Consumers Look To Food For Brain Health

Consumer quest for preserving brain health is propelling awareness of ingredients to maintain or improve cognitive function.

By Kantha Shelke, Ph.D.

Share Print Related RSS
Page 1 of 2 « Prev 1 | 2 View on one page

Consumers increasingly are hungry for foods and beverages that promise to boost cognitive abilities. Better known as “smart foods,” “cognitive boosters” and “brain enhancers,” but technically referred to as “nootropics,” they increase the brain’s supply of neurochemicals by either enhancing oxygen supply to the brain or by stimulating nerve growth.

This emerging trend in the functional food sector offers immense opportunities for strong niche brands founded on good science and will undoubtedly bloom as high-paced lifestyles and stress continue to drive demand.

 

Concentrate … on the web

Find out more about ingredients that help you concentrate, focus and think better. The search term “memory” will get you 81 well-focused hits on www.FoodProcessing.com “Cognition” will bring you 62 more.

Ingredients at the forefront of brain research are advancing food and beverage applications to nourish the brain and stimulate, enhance, extend or relax mental functions. New findings indicate that decline in cognitive function and memory loss, once thought to be irreversible and the bane of aging, aren’t necessarily inevitable or irreversible and may be prevented by health-promoting nutrition. The food industry is accelerating development of products to help boost brainpower, slow the aging of the brain and stave off dementia.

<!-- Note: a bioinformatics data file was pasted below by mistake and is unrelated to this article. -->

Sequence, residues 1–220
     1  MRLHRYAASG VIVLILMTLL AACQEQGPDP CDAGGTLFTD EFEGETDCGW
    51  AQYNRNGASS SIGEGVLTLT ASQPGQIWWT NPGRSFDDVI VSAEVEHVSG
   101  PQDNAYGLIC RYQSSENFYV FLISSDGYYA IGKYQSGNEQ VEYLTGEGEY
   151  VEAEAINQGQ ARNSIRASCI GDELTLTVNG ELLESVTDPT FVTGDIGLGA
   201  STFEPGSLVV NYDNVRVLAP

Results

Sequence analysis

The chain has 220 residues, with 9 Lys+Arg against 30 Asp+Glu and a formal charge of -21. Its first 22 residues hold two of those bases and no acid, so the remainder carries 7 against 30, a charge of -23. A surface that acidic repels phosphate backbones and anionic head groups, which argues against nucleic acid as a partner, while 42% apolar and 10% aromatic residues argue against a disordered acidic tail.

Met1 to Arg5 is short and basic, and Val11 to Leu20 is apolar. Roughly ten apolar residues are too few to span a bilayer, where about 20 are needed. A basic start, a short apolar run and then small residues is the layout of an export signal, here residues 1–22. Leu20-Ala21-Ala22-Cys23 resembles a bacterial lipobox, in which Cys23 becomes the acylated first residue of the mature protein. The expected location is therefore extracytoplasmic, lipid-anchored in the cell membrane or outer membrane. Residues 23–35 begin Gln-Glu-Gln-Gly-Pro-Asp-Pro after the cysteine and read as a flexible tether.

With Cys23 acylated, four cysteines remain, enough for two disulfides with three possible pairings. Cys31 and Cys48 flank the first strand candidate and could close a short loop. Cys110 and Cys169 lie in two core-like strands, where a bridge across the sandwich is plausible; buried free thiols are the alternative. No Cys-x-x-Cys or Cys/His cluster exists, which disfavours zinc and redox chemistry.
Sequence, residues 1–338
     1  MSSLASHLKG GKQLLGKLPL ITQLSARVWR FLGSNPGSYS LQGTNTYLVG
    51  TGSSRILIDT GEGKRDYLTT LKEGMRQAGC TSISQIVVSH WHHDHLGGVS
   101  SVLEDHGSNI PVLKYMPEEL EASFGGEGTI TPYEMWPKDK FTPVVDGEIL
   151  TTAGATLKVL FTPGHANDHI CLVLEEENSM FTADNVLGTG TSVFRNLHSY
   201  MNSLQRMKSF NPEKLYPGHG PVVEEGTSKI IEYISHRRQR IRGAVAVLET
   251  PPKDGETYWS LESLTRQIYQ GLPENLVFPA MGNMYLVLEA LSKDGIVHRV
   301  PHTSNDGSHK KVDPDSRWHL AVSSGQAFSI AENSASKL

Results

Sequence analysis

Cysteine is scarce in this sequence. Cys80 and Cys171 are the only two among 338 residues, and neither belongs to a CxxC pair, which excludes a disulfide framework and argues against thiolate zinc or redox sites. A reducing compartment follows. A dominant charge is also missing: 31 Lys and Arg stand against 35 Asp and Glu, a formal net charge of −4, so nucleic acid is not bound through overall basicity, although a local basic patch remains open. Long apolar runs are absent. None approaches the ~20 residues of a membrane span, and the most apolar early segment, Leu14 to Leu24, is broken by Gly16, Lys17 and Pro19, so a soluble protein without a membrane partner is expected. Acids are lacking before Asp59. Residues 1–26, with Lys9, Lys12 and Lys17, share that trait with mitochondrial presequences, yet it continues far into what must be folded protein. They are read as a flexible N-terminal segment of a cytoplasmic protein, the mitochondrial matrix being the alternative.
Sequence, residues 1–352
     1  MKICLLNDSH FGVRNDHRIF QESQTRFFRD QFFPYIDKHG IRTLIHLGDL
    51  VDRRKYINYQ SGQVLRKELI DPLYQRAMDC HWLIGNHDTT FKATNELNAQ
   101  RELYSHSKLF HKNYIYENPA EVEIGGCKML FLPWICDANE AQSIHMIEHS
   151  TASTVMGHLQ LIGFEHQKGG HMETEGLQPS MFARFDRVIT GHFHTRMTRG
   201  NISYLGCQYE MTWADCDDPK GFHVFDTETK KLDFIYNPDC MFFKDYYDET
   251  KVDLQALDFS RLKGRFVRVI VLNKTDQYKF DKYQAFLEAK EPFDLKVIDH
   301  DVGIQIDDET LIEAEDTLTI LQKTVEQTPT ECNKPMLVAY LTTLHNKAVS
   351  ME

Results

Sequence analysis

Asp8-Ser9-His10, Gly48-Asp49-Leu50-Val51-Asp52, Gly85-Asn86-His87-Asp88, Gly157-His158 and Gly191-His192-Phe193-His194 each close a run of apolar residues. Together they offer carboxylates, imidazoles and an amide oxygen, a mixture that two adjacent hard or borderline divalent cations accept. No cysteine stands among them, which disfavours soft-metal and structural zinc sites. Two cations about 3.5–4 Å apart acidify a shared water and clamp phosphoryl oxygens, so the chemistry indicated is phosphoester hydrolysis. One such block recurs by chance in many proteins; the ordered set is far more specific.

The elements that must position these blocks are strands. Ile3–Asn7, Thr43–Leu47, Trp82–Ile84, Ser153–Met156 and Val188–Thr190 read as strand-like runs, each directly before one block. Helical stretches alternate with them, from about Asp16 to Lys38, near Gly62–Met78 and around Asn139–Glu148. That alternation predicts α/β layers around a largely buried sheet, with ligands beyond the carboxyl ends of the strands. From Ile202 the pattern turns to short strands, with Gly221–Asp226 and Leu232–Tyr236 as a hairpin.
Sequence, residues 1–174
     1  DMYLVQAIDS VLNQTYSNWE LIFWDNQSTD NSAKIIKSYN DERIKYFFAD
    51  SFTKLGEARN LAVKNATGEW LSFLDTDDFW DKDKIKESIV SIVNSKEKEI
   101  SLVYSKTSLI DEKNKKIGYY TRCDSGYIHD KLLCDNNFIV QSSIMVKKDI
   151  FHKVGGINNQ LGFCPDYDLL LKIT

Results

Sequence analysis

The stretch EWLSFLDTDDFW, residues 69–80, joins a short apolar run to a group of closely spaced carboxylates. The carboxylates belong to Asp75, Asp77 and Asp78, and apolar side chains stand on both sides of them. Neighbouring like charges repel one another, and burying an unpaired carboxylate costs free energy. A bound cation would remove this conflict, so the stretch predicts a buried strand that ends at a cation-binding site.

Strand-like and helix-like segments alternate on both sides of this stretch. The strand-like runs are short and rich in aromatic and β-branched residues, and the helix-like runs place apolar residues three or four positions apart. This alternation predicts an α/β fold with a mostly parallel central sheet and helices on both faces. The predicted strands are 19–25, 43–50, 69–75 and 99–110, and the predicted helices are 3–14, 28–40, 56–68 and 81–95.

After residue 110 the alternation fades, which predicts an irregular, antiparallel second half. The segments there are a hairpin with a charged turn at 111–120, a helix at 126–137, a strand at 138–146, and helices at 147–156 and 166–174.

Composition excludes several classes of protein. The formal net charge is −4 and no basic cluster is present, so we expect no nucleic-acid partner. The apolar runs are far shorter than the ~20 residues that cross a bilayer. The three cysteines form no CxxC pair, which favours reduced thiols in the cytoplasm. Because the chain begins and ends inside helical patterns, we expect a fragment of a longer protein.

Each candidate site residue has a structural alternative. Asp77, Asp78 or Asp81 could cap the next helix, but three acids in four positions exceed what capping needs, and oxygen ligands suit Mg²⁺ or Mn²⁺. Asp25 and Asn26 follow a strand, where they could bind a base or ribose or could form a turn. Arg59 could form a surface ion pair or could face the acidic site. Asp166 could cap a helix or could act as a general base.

Nerve cells rely on neurotransmitters to convey information between them. An inadequate amount of any neurotransmitter can cause a breakdown in the transmission process and result in loss of mental and neural abilities. With aging, certain neurotransmitters decline along with diminishing cognitive abilities, including learning, memory and the ability to focus and execute functions such as planning, thinking, decision-making and problem solving.
A number of factors contribute to the risk of neurodegeneration and cognitive decline. Aging is the primary reason. Given the predominance of baby boomers, it is no surprise securing proper cognitive function has become important for consumers today.

Cause and effect

 

Coffee, tea or mate?

Caffeine continues to be the top choice to boost alertness and cognitive abilities. Propel Fitness Water, Chicago, launched Propel Invigorating Water in strawberry, citrus and berry flavors for consumers seeking caffeinated, low-calorie beverages. Each 20-oz. bottle contains the same amount of caffeine as a cup of tea (50mg), but also vitamins B6, niacin and pantothenic acid to help boost energy. But the fast-acting stimulant caffeine also is associated with rapid energy crashes and jitteriness.
Beverages from Boulder, Colo.-based Pixie Mate use the South American herb yerba maté to provide sustained energy boost without the jitteriness associated with caffeine.